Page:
The contribution of IL-9 to asthma pathogenesis has thus far been unclear, due to conflicting reports in the literature. These earlier studies focused on the role of IL-9 in acute inflammatory models; here we have investigated the effects of IL-9 blockade during chronic allergic inflammation.
Mice were exposed to either prolonged ovalbumin or house dust mite allergen challenge to induce chronic inflammation and airway remodeling.
Measurements and Main Results
We found that IL-9 governs allergen-induced mast cell (MC) numbers in the lung and has pronounced effects on chronic allergic inflammation. Anti–IL-9 antibody–treated mice were protected from airway remodeling with a concomitant reduction in mature MC numbers and activation, in addition to decreased expression of the profibrotic mediators transforming growth factor-β1, vascular endothelial growth factor, and fibroblast growth factor-2 in the lung. Airway remodeling was associated with impaired lung function in the peripheral airways and this was reversed by IL-9 neutralization. In human asthmatic lung tissue, we identified MCs as the main IL-9 receptor expressing population and found them to be sources of vascular endothelial growth factor and fibroblast growth factor-2.
Our data suggest an important role for an IL-9-MC axis in the pathology associated with chronic asthma and demonstrate that an impact on this axis could lead to a reduction in chronic inflammation and improved lung function in patients with asthma.
IL-9; mast cells; asthma; airway remodeling; AHR
IL-9-secreting (TH9) T cells are thought to represent a distinct T-cell subset. However, evidence for their functionality in disease is uncertain.
To define a functional phenotype for TH9-driven pathology in vivo.
We used fluorescence-activated cell sorting to identify circulating TH9 cells in atopic and nonatopic subjects. In mice we utilized a model of allergic airways disease induced by house dust mite to determine TH9 cell function in vivo and the role of activin A in TH9 generation.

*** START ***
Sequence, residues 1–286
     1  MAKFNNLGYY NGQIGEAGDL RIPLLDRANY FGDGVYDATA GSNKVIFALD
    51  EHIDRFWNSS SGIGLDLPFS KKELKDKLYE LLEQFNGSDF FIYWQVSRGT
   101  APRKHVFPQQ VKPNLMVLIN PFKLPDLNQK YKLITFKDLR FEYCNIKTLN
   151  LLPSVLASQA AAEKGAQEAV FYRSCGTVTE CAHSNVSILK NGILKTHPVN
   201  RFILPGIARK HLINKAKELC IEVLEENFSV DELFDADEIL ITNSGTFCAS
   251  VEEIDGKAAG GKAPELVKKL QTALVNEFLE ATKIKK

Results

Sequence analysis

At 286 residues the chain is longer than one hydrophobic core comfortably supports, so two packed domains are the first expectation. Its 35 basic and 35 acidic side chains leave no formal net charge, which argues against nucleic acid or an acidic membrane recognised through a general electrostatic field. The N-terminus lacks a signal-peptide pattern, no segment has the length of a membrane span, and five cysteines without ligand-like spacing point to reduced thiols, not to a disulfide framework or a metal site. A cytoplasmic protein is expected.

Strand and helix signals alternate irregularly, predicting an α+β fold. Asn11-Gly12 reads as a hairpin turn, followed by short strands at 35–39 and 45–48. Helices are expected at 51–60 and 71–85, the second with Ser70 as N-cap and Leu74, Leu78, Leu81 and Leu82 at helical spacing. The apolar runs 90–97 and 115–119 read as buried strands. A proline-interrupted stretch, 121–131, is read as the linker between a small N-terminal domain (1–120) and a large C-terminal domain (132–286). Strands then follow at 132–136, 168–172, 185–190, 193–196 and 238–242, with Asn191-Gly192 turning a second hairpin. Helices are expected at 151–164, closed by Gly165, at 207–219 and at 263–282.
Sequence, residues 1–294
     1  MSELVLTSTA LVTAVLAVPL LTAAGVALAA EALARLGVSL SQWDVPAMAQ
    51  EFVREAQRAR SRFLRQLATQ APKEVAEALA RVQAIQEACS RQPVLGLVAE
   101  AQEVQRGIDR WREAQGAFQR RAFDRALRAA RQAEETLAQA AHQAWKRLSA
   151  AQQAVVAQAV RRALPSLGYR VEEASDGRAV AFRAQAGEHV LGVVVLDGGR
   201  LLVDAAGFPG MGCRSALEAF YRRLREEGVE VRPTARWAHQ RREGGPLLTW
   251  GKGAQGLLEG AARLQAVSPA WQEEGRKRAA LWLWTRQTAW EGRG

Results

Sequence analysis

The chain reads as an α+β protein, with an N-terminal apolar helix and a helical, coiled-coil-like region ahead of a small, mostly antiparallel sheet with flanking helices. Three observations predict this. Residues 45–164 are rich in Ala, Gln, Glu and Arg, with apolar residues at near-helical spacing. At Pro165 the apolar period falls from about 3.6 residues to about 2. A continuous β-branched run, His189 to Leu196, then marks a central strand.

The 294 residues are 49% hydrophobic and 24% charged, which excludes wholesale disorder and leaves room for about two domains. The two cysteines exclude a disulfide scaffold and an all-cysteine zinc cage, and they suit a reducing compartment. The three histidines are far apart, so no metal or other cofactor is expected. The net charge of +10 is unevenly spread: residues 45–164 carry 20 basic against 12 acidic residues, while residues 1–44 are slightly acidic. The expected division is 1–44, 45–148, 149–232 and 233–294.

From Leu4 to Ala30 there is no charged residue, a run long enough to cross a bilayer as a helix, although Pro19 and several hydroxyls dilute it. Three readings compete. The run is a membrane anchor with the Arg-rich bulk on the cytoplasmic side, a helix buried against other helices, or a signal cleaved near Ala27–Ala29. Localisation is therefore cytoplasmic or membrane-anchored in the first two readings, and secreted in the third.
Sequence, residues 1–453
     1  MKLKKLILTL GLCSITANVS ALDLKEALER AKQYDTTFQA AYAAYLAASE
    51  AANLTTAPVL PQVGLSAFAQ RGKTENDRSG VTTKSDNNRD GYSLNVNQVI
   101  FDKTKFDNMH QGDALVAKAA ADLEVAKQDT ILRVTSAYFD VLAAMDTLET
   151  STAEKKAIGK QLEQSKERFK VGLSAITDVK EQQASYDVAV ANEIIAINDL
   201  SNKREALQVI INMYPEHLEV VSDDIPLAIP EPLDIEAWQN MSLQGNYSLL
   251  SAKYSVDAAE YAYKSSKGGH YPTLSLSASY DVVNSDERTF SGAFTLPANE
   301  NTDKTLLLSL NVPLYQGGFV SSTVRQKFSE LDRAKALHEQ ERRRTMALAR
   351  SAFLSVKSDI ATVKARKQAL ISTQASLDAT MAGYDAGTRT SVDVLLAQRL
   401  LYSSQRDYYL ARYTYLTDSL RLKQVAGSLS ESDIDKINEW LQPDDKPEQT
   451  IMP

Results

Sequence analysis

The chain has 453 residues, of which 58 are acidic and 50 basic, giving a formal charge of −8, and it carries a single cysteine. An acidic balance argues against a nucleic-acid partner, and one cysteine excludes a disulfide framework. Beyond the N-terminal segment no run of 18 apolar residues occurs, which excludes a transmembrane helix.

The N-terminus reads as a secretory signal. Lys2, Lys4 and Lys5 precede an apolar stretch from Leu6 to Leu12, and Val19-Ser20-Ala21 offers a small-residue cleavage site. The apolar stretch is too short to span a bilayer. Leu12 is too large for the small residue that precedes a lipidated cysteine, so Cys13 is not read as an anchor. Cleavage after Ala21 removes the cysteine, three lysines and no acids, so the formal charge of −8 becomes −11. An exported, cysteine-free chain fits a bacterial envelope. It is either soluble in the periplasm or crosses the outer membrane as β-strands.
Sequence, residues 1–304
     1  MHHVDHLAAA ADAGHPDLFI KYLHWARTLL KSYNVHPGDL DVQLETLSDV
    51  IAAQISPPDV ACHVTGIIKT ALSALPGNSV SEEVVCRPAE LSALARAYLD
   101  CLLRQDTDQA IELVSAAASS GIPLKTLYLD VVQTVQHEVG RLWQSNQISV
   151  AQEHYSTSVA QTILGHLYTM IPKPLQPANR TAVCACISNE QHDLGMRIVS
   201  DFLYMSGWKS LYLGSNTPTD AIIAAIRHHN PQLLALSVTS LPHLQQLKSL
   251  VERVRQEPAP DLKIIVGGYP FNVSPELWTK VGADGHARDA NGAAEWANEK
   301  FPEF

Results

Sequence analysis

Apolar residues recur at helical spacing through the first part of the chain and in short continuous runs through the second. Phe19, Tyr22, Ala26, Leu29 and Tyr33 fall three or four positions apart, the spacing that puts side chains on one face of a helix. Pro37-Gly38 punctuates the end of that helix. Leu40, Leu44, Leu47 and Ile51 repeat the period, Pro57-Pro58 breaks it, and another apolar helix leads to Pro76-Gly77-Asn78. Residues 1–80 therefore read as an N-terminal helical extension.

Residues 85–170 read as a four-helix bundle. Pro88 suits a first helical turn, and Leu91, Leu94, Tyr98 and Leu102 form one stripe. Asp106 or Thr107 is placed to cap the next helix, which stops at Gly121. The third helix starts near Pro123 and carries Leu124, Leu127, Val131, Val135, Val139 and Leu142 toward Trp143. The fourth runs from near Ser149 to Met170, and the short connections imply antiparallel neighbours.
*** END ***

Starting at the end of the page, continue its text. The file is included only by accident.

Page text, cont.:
Allergic patients have elevated TH9 cell numbers in comparison to nonatopic donors, which correlates with elevated IgE levels. In a murine model, allergen challenge with house dust mite leads to rapid TH9 differentiation and proliferation, with much faster kinetics than for TH2 cell differentiation, resulting in the specific recruitment and activation of mast cells. The TGF-β superfamily member activin A replicates the function of TGF-β1 in driving the in vitro generation of TH9 cells. Importantly, the in vivo inhibition of TH9 differentiation induced by allergen was achieved only when activin A and TGF-β were blocked in conjunction but not alone, resulting in reduced airway hyperreactivity and collagen deposition. Conversely, adoptive transfer of TH9 cells results in enhanced pathology.
Our data identify a distinct functional role for TH9 cells and outline a novel pathway for their generation in vitro and in vivo. Functionally, TH9 cells promote allergic responses resulting in enhanced pathology mediated by the specific recruitment and activation of mast cells in the lungs.
Activin A; TH9 cells; IL-9; asthma; allergy; mast cells; house dust mite; TGF-β
Allergic asthma is a complex disease that has been modeled extensively in small rodents. Airway eosinophilia and changes in lung function have been documented using a variety of protocols. However, recent efforts have improved these models by trying to replicate the structural remodeling that occurs in the lung as a consequence of chronic allergen-driven inflammation. This review documents the recent developments in protocols and systems designed to examine pathways leading to allergen-induced airway remodeling.
Rhinoviruses cause serious morbidity and mortality as the major etiological agents of asthma exacerbations and the common cold. A major obstacle to understanding disease pathogenesis and to the development of effective therapies has been the lack of a small-animal model for rhinovirus infection. Of the 100 known rhinovirus serotypes, 90% (the major group) use human intercellular adhesion molecule-1 (ICAM-1) as their cellular receptor and do not bind mouse ICAM-1; the remaining 10% (the minor group) use a member of the low-density lipoprotein receptor family and can bind the mouse counterpart. Here we describe three novel mouse models of rhinovirus infection: minor-group rhinovirus infection of BALB/c mice, major-group rhinovirus infection of transgenic BALB/c mice expressing a mouse-human ICAM-1 chimera and rhinovirus-induced exacerbation of allergic airway inflammation. These models have features similar to those observed in rhinovirus infection in humans, including augmentation of allergic airway inflammation, and will be useful in the development of future therapies for colds and asthma exacerbations.